Last month we began a four-part series about resiliency. Defined as the ability to bounce back after a mistake, mishap, or missed opportunity - and the ability to turn setbacks into comebacks - resiliency is considered the most important mental factor in determining your success because it’s what allows you to form will power, optimism, and self-belief (all mandatory ingredients for performing at your best). Last month’s tip discussed the importance of only focusing on things that you can control or influence. This month’s tip is just as important: the ownership of failure and success.
Since resilient riders always attribute their performance to things they can control or influence (their concentration vs. the judge, for example), they also realize that this means their success (or lack of it) is never someone else’s responsibility. They own all parts of their ride, the good and the bad. Missed opportunities become their learning opportunities, and past struggles become their future strengths.
Additionally, resilient riders will always attribute a poor performance to something they did - or to the great performance of an opponent - rather than to the idea that they’re simply weak, bad, or not-good-enough. For example, when a resilient rider loses a competition you’ll likely hear them say something like, “Today my opponent rode an exceptional course,” or, “Today I could’ve listened to my horse a little more and made better choices,” rather than, “I’m a horrible rider and I wish the judge wasn’t so mean.”
When it comes to success, resilient riders also pride themselves in crediting their competitors for strong performances as well. While some riders might only want to talk about how well they rode today, resilient riders make an effort to also recognize the efforts of their opponents. “I may have finished first today, but it was thanks to all the great lessons taught to me by my fellow competitors this season,” is a good example of the kind of statement you'd hear from a resilient rider.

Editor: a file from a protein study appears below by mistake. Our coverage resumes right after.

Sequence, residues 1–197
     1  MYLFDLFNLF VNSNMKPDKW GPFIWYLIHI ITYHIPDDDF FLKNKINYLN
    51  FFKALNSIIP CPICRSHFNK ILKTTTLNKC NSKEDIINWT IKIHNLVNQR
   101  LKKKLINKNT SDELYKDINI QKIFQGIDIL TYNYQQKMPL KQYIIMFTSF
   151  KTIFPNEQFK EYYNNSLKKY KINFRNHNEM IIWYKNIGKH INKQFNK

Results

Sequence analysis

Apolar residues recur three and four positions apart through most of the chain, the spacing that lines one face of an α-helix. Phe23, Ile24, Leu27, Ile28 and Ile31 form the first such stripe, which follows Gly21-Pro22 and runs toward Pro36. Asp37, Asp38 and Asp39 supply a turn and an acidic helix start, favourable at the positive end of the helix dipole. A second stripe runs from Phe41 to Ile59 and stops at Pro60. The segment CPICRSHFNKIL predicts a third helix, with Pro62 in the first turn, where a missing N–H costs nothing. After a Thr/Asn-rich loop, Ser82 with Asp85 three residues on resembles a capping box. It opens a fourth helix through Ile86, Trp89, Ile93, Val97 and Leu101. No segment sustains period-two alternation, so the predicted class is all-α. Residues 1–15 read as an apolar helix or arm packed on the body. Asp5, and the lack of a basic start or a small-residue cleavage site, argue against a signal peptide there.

Part of being a resilient rider is recognizing the success of your competitors. USEA/Leslie Mintz Photo.
Lastly, resilient riders know that riding isn’t about being right or wrong, it’s about being the right amount of wrong. They know that mistakes are bound to happened - and when they do - it doesn't mean that they’re inadequate as a rider, it simply means that they had the courage to push themselves outside their comfort zone, where mistakes are common. When mistakes happen, they own them instead of making excuses or trying to blame them away. They know that if they’re not making a few good mistakes from time-to-time, they’re simply just not trying hard enough.
So, this month, take a little time to think about how you think about your failures and successes. Are you resilient? Do you compliment others after you succeed? Do you pride yourself in owning your mistakes? If so, keep up the great work. If not, don’t feel bad about it, just start today to move in that direction.
In the end, always remember that your best teacher is often your last mistake or failure. But, you can’t learn from your teacher if you’re never in class, or if you refuse to listen to them!